I don't see funds for another ride like that any time soon. That dream began when I was 16, and now I am 61.

1:50 p.m. on March 14, 2013 (EDT)
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Shapeshifter,

Where is home for you?  I travel a lot.

Lodgepole,

Don't take offense cause I called your stroke ineffecient.  I am sure you are hard to keep up with.

 

7:53 a.m. on March 15, 2013 (EDT)
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I'm in Chicago... only recently have been asked to take guardianship of the Ralph Frese River Trail. What an honor, eh?

Live spittin' distance to Lake Michigan so can launch close to home. Teaching for Kayak Chicago gives me access to their river sites and a fleet of around 500 boats. Also guide for the Freinds of the Chicago River.

Contact is... SlideGear on gmail, if you get my drift.

10:43 a.m. on May 13, 2013 (EDT)
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odd i received e-mail notice to a new post on this thread.. i don't see anything close to today's date. it's a great thread though...

At the time i didn't know EMS would be selling stand up surf boards as if it was a new idea.

I used to be pretty good at gunneling too. That word is so ancient google thinks i spelled it wrong. LOL

For those who may not know, this is the act of standing on the gunwhales of a canoe like the ones shown above, and sort of jumping in a controlled fashion not leaving the canoe, but changing the weight you bear on it which makes it move ahead.

To steer the canoe you press harder on the side you want to turn too, or bear up into a breeze.

It was said you would do this if you lost all the paddles. :roll eyes:

Now to get 2 guys working this and move well was a bit of a trick and for me it was just a good way to have some fun on a day where swimming was easy.

10:39 a.m. on May 14, 2013 (EDT)
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Lodgepole, gunnel bobbing and other gymnastic canoe exercises were an area that Omer Stringer excelled in. While Omer probably didn't invent gunnel bobbing(he might have) he demonstrated to generations how fun a canoe can be. He is also the father of free style and Canadian style paddling. As Bill Mason was the king of white water, Omer was the king of flat water.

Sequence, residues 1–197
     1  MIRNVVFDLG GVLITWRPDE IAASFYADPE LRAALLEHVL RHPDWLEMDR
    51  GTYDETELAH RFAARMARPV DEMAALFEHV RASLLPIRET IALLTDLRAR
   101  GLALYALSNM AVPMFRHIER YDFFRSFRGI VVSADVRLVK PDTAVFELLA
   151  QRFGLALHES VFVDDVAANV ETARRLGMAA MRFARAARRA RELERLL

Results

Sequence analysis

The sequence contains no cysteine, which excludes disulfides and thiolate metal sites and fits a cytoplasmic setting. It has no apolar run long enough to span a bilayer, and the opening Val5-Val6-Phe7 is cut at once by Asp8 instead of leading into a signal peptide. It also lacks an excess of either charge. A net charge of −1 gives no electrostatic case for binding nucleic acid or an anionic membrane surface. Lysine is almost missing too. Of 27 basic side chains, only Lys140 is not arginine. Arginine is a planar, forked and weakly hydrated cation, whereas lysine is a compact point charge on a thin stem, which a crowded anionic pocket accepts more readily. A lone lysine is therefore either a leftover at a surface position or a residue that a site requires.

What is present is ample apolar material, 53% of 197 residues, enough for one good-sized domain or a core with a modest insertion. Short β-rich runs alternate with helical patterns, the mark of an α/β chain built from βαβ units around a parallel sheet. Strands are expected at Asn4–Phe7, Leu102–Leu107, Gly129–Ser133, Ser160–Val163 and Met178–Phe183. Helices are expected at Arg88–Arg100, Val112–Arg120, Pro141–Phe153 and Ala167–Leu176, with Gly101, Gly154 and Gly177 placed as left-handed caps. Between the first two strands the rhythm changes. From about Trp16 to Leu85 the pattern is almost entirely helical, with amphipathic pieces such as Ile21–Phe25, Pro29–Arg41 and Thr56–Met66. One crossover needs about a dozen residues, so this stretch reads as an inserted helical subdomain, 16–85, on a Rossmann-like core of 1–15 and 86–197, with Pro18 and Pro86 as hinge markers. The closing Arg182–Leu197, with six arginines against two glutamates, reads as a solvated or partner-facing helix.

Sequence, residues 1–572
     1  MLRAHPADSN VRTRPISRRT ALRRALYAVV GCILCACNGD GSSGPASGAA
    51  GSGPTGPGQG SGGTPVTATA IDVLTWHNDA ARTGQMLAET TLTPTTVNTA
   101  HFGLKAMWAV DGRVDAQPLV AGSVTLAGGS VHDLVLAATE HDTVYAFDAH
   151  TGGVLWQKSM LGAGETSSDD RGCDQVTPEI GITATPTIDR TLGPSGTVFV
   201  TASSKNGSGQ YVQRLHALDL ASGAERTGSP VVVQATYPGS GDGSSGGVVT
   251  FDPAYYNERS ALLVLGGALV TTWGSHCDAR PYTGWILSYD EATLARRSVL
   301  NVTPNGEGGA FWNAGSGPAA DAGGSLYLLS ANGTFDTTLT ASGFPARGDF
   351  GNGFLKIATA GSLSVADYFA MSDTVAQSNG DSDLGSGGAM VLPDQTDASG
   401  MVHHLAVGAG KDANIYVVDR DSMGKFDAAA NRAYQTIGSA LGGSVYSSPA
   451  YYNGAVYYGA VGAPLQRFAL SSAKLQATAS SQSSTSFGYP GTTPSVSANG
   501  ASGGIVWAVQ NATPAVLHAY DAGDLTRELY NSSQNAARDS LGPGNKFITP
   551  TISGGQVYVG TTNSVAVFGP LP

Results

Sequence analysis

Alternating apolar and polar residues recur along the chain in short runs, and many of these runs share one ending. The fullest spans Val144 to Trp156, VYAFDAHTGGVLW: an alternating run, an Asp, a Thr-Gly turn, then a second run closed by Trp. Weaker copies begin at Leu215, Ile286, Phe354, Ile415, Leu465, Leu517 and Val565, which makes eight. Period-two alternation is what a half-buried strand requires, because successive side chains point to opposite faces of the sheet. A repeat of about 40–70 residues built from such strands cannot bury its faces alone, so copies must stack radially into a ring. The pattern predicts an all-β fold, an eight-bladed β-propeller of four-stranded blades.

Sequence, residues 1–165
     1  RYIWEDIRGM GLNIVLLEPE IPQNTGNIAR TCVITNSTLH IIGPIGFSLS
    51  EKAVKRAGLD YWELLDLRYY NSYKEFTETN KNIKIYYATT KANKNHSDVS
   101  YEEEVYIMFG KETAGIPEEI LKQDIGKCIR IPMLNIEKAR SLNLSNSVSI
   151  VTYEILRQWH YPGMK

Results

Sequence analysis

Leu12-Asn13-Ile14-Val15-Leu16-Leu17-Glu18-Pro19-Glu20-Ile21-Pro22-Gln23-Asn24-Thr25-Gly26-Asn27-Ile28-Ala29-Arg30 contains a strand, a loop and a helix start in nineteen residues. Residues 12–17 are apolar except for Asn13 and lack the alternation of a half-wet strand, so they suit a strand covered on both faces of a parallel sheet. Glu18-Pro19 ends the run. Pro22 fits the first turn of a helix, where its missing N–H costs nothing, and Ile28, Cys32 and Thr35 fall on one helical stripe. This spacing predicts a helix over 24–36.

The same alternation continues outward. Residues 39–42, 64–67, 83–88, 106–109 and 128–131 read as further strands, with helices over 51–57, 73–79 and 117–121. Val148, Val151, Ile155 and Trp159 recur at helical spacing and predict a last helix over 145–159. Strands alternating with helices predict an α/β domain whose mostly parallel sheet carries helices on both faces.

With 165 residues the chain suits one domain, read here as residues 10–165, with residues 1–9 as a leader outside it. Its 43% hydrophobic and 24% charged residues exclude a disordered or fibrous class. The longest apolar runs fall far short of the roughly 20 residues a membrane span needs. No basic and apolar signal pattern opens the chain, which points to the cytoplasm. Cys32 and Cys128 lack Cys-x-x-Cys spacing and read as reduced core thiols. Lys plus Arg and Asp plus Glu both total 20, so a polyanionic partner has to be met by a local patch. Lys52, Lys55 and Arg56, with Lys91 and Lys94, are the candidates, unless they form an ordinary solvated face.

10:48 a.m. on May 14, 2013 (EDT)
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I wouldn't know, but then i don't doubt you. I do know that salt water makes canoe wood tasty to porky pines though.

If you ever hear a power hack saw in the night and go to check, and the noise stops every time you do, then check the canoes!

8:20 p.m. on May 14, 2013 (EDT)
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My first trip through the Bowron Lakes circuit was in 1971. My first encounter with quill pigs. Their quills were all over the outhouse seats. They also like to gnaw on paddles and ax handles with lots of sweat on the wood.

8:41 p.m. on May 14, 2013 (EDT)
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I know people who weave the quills and have tried my hand at it too. The other people are very good I am not. On occasions i will collect quills to give to them. I have 2 ways. road kill where I pluck with care, and or out wait them if they are local and go get a burlap bag and beat them with it.

That beating doesn't hurt them but i gather a lot of larger quills fairly fast.

Are you familiar at all with quill workers? My guess would be yes.

10:45 a.m. on May 15, 2013 (EDT)
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I once gave as a Christmas gift, a very nice pair of moose hide moccasins with fancy bead work and quill work by a very skilled Selkirk FN woman I know. Trimmed in beaver and lined in dahl sheep skin.

4:15 p.m. on May 15, 2013 (EDT)
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Hey! I am your 'friend'! :-)

I make mocs but never had any that nice... See I knew you would know, but 98% of anyone else would not.  I wear and use this stuff. I don't have a lot of quilled work though, but some, and even a little red wool neck bag done up in dyed moose hairs, the same way quilling is done.

While the little red bag is mine,  my wife gets 100% of the very limited use of it. Some things are just too nice for me to beat up.

My wife made a Ojibway wrap and a half skirt in blue trade wool with silk applique, which we fight over. A character of mine 'She Buck Ona' Deaf Man would very muck like that skirt as a shawl. My wife would let me but for the ironoxide paint I make with bear grease.

Good stuff come bug season. :-)   (serious)

11:19 a.m. on May 16, 2013 (EDT)
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The Burke Museum here at the University of Washington, has an extensive collection of Native American, First Nations artifacts, including clothing items. Audrey Trudeau's work, I was able to tell her, was as good as any of them. And she does it all the old fashioned way, except for some modern threads. At Pelly Crossing, in the YT is a small museum gift shop. Purchases there help the Selkirk First Nation which is quite a small group with a poorly negotiated treaty.

11:23 a.m. on May 16, 2013 (EDT)
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Thanks for metioning the Burke Museum.

8:36 p.m. on May 16, 2013 (EDT)
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ppine said:

Thanks for metioning the Burke Museum.

 Where and what is the ppine? and to you as well? 

12:01 p.m. on May 18, 2013 (EDT)
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Ppine is short for ponderosa pine, the most beautiful tree in the Universe.  I studied ppines in grad school at the U of WA.  I am a third generation Washington Husky.